Is virtual reality the future of the hospitality sector?

Article by Laura Agadoni

Is virtual reality the future of the hospitality industry

A helicopter ride over Manhattan could easily be the highlight of a trip to New York – but what if you could soar over the Empire State Building and Brooklyn Bridge at sunset without ever leaving your hotel?

It’s possible with virtual reality (VR). Shangri-La Hotels and Resorts, for example, plans to virtually transport potential clients to exotic locations, such as Jokhang Temple in Lhasa or Genghis Khan Square in Ulaanbaatar, all from the comfort of their hotel room through the use of Samsung Gear VR headsets.

Marriott is experimenting with VR by test-driving in select locations what the hotel chain calls “VRoom Service,” where guests can order headsets to watch “VR Postcards” with preloaded VR experiences made to inspire travel, according to eHotelier. Marriott has also marketed this technology by setting up ‘Teleporters’, science-fiction-inspired phone booths, which take consumers to a Marriott Greatroom lobby and then to amazing locales, as part of its ‘Travel Brilliantly’ campaign.

Meanwhile, tour operator Thomas Cook has tested VR in select stores by letting travelers experience vacations, including a complete overview of various resort hotels, in its ‘try before you buy’ campaign.

Just another Google Glass?

Although virtual reality isn’t new—the concept has been around since the 1950s and started to gain momentum in the 1980s and 1990s—it has never really taken off until now.

“A concern people might have is whether this is just another Google Glass,” says Richard Pemberton, hospitality consultant with Avenue9, a division of JLL. He, of course, is referring to the failure of another head-mounted wearable computer, a short-lived media darling. But Pemberton thinks VR has a lot more value than Google Glass because of the type of experience it gives.

He cites Radisson Hotels, which reports that hotels offering a virtual tour are seeing online revenue increases of 135 percent over hotels without one. And BloombergBusiness reports that VR marketing increased revenue for a Thomas Cook New York tour by 190 percent.

It’s difficult to predict the return on investment with virtual reality, however, because there aren’t many case studies. The choices are to “sit back and wait for everyone else to do it, or be an early adopter, possibly stealing the lead from everyone else,” says Pemberton.

The VR experience

With VR, you’re not merely looking at photographs; you’re immersed in an experience. “When you move your head, you see the whole environment that surrounds you,” says Pemberton. Your brain then tricks you into thinking that what you’re seeing is real.

Think of the possibilities for the travel industry. You can take a fantasy trip to Mars through virtual reality, but you can’t afterwards book a real trip there. If you’re willing to settle, however, for travel here on Earth, you can whet your appetite by first going on a virtual tour of a location—such as Trevi Fountain in Rome or The British Museum in London—which you then can turn into the real thing.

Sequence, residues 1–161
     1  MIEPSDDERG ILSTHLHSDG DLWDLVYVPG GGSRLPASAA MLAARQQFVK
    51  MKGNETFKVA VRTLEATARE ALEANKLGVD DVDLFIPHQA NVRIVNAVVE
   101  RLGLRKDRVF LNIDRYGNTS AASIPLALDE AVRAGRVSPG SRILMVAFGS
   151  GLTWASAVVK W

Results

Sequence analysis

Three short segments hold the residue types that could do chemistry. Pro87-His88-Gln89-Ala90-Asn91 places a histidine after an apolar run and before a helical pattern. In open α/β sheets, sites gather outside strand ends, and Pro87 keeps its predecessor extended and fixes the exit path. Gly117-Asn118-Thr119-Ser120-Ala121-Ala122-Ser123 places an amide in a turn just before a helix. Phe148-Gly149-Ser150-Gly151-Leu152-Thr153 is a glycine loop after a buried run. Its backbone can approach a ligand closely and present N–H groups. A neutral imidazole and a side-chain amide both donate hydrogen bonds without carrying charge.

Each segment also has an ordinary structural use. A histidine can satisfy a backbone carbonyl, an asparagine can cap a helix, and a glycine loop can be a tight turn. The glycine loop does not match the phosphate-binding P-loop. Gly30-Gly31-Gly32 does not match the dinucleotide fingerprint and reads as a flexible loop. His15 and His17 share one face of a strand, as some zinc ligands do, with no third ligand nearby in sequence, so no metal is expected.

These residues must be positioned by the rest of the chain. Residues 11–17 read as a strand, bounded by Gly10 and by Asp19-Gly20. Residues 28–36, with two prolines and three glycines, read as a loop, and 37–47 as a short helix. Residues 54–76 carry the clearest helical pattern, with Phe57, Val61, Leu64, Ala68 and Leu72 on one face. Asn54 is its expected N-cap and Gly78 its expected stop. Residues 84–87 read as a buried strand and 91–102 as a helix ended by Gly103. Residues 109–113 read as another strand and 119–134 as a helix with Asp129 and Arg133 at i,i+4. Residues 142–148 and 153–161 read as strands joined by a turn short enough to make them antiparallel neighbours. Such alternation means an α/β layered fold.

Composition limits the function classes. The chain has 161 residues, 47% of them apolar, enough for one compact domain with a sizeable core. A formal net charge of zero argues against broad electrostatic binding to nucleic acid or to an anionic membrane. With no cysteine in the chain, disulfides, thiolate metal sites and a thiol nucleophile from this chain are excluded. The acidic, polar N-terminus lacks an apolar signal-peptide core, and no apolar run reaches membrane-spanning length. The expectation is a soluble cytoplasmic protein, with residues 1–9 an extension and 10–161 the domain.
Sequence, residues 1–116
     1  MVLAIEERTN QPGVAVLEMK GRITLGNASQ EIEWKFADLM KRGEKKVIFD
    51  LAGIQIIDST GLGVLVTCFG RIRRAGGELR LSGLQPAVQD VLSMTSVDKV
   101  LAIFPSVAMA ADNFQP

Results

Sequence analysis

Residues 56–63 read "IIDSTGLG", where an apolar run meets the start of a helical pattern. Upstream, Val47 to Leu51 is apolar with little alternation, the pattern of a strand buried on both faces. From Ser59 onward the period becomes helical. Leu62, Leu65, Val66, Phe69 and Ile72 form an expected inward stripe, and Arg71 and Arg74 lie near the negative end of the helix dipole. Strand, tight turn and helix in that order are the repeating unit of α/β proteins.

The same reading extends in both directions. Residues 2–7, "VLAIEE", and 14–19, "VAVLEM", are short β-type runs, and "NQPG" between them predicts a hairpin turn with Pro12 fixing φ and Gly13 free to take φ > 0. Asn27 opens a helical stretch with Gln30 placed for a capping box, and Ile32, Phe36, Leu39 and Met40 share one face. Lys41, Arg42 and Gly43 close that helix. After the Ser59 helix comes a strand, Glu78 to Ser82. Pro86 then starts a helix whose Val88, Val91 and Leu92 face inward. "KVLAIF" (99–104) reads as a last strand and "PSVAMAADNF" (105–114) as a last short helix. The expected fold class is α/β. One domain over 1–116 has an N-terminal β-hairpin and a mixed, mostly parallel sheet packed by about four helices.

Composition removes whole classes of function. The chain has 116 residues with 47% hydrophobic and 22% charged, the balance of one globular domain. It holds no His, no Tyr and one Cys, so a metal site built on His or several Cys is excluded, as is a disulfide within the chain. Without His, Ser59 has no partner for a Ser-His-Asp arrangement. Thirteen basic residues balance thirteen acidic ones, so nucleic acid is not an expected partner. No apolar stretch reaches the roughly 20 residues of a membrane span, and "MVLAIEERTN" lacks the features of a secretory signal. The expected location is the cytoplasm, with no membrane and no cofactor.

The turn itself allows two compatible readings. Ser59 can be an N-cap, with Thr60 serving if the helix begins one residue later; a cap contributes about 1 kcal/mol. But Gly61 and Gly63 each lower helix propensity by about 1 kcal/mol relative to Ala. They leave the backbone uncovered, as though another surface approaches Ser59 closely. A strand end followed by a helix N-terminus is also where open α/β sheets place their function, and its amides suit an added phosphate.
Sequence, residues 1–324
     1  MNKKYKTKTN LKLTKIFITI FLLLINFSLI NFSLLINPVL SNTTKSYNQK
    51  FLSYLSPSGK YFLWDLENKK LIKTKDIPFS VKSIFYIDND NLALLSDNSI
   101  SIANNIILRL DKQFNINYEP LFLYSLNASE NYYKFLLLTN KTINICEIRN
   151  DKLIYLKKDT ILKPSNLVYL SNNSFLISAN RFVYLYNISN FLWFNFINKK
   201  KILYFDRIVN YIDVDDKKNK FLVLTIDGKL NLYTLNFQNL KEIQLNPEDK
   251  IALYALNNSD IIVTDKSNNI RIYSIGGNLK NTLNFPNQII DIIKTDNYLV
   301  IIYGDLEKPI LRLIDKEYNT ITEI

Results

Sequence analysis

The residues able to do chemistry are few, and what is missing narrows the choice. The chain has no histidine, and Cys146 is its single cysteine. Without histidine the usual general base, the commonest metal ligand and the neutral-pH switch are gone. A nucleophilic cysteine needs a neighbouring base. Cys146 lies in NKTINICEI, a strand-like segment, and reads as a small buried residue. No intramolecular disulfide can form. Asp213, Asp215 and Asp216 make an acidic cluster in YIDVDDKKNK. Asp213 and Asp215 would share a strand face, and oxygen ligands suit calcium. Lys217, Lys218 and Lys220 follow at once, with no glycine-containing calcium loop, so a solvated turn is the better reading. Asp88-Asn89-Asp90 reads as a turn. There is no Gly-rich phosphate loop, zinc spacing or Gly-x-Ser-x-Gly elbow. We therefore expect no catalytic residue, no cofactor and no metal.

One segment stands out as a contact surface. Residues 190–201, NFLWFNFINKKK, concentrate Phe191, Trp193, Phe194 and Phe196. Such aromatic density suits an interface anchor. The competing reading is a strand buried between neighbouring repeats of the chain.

If you have any doubts at all as to just how entertaining people find VR, look to some other industries that are adopting it: Virgin Atlantic, which lets potential customers experience what’s it like to fly upper class; Uniworld, which offers a tour of its flagship cruise ship, complete with crew introductions; and even theme parks, such as Avatron Park in Atlanta, Georgia the first virtual-reality-based park of its kind in the United States.

More than just entertainment

Virtual reality, besides providing entertainment, can make the hotel experience less challenging. If you’ve ever checked into a resort that was so large you needed a map or a trip to the concierge desk to aid you in finding the amenities, you would likely appreciate a VR concierge tour instead—possibly in the comfort of your own room—which helps ensure you don’t miss any resort features.

Another way the hospitality industry can use virtual reality is to have headsets available in rooms, suggests Pemberton. If Hard Rock Hotels can receive notoriety by delivering Fender guitars to guestrooms, offering a VR headset can make your hotel stand out as well. While the uses, so far, are mainly video games, it’s too early in this game to see where all this will lead, just as 10 years ago, most people could not envision smartphones.

Competition is rapidly increasing in the technology industry with specialists such as Oculus Rift jostling alongside established names such as Sony PlayStation VR, HTC Vive Pre and Microsoft HoloLens. With costs already starting to reduce, VR is on the verge of becoming mainstream in the near future.

Virtual reality might not be as revolutionary as the smartphone, but Pemberton says he can certainly see a place for VR in the hotel industry as being complementary to other marketing and booking tools. “I don’t think we’ve seen the full extent as to what the capabilities are yet, and specialized companies are already promoting game changing sales tools,” he says.

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